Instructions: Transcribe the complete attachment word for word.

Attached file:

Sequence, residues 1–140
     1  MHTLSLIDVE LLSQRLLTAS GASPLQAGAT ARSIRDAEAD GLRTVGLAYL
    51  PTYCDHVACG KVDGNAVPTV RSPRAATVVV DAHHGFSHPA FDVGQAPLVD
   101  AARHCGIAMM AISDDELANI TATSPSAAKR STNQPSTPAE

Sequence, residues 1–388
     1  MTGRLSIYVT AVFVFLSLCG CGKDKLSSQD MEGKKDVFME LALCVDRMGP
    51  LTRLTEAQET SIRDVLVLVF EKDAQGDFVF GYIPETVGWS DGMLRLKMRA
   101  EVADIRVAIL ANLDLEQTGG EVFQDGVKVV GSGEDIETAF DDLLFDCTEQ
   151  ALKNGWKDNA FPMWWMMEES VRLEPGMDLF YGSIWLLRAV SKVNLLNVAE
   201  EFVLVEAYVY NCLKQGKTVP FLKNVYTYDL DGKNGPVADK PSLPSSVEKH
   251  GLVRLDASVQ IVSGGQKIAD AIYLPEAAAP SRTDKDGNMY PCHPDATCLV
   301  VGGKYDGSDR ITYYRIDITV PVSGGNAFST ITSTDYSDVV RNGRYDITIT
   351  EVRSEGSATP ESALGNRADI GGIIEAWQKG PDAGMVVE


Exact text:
Sequence, residues 1–140
     1  MHTLSLIDVE LLSQRLLTAS GASPLQAGAT ARSIRDAEAD GLRTVGLAYL
    51  PTYCDHVACG KVDGNAVPTV RSPRAATVVV DAHHGFSHPA FDVGQAPLVD
   101  AARHCGIAMM AISDDELANI TATSPSAAKR STNQPSTPAE

Sequence, residues 1–388
     1  MTGRLSIYVT AVFVFLSLCG CGKDKLSSQD MEGKKDVFME LALCVDRMGP
    51  LTRLTEAQET SIRDVLVLVF EKDAQGDFVF GYIPETVGWS DGMLRLKMRA
   101  EVADIRVAIL ANLDLEQTGG EVFQDGVKVV GSGEDIETAF DDLLFDCTEQ
   151  ALKNGWKDNA FPMWWMMEES VRLEPGMDLF YGSIWLLRAV SKVNLLNVAE
   201  EFVLVEAYVY NCLKQGKTVP FLKNVYTYDL DGKNGPVADK PSLPSSVEKH
   251  GLVRLDASVQ IVSGGQKIAD AIYLPEAAAP SRTDKDGNMY PCHPDATCLV
   301  VGGKYDGSDR ITYYRIDITV PVSGGNAFST ITSTDYSDVV RNGRYDITIT
   351  EVRSEGSATP ESALGNRADI GGIIEAWQKG PDAGMVVE